Learn about child loss and grief—Losing a child is an experience like no other. I have provided you a glimpse here, but the best thing you can do to inform your support of bereaved parent(s) is to learn more. Read books or blogs about child loss. Follow professionals like Megan Devine who specialize in grief. Read or listen as much as you are able.
Related: Resources for Support Persons
Understand the deceased child is a human being—Regardless of the length of gestation, planned or unplanned pregnancy, or any other factors surrounding the loss, understand that the deceased child is a loved and wanted individual. Ask for and refer to the child by name. Ask to see photos, or for details like size and weight. Ask for and listen to favorite memories of the pregnancy. Whenever possible, express your own favorite memories and things you were looking forward to experiencing with the child.
Take care of the details—The second most important thing you can do is provide practical help. Show up with groceries. Mow the lawn. Wash the dishes. Walk the dog. Do not ask the bereaved parent(s) how you can help; they often won’t have the mental presence of mind to know. Just show up and do, or at least be specific in your offer of assistance: “I would like to send a cleaner on Tuesday so you don’t have to worry about the house. Is that okay?”
If you are close to the parents, offer assistance with things like planning the funeral, fielding questions from acquaintances, and organizing details when the parents are ready to return to work, but be flexible if the parents say no or aren’t ready to accept such assistance. Let them know you are available to help at a later date and will check in on them again in a few days or weeks—and then do it.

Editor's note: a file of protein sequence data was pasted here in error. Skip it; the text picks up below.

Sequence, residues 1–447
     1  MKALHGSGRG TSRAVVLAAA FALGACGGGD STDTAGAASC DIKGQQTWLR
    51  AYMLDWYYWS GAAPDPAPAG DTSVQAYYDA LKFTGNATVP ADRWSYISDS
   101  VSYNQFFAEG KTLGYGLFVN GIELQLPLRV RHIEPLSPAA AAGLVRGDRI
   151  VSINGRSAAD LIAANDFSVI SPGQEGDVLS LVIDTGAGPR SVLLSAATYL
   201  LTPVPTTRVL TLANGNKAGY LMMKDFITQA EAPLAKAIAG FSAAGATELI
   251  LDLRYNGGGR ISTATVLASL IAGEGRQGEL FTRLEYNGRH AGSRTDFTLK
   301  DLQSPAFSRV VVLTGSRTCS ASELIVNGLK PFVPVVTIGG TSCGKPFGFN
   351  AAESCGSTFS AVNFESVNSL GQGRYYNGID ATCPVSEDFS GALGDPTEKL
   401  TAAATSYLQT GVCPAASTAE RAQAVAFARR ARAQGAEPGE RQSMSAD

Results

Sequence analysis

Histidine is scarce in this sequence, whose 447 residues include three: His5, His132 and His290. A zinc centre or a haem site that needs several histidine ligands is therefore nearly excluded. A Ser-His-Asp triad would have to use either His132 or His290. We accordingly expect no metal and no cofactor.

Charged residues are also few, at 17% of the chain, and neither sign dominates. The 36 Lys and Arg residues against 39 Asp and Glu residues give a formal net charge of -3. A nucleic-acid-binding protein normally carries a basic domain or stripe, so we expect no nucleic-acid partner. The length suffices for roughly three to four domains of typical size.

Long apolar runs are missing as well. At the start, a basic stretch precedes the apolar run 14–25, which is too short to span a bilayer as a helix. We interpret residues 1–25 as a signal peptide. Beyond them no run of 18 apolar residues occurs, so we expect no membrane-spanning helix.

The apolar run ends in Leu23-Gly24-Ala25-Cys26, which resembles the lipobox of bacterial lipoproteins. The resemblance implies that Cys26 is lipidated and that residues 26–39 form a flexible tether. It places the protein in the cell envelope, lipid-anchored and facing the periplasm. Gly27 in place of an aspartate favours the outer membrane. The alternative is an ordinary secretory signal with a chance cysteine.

One important note—do not, under any circumstances, move the baby’s things without permission. It may seem counter-intuitive, but many bereaved parent(s) find comfort in seeing and touching the things they were planning to use for their child. I came home from the hospital to a fully furnished nursery, and I needed my son’s things to be present. Do not pack up or donate anything unless the bereaved parents have asked you to do so.
Understand that words are important. Use caution…
…With religious sentiments or platitudes—When someone we love is hurting, it is tempting to share things that bring comfort to us. I know many people find comfort in religion, or in the thought that “everything happens for a reason,” for example. However, even if the bereaved parent(s) feel or felt this way prior to their child’s death, those feelings may change. Be cautious offering sentiments of this nature unless the parents have expressed those sentiments first. In particular, do not refer to the deceased child as an “angel” unless they have done so.
…With concepts and phrases like strong, brave, transformation due to grief, and “moving on”—There is tendency in our culture to describe victims of tragedy in a heroic light, casting them as fearless people who continue living life and become better versions of themselves due to their tragedy. This is not only unrealistic, but it also puts an unfortunate pressure on the bereaved person to be and act in a certain way. Allow your friend space and acknowledgement to be and feel whatever they need.
…With attempts to distract, cheer up, or find the silver lining in loss or grief—It can be hard to see your loved one in pain, but sometimes that’s what they need. Allow their pain to exist without trying to erase it. Acknowledgement is so much more powerful than attempts to “fix.”
…With questions about the cause of death—Curiosity is natural, but sometimes it won’t be satisfied. If your friend doesn’t mention the cause of death, don’t ask. Some things need to remain private.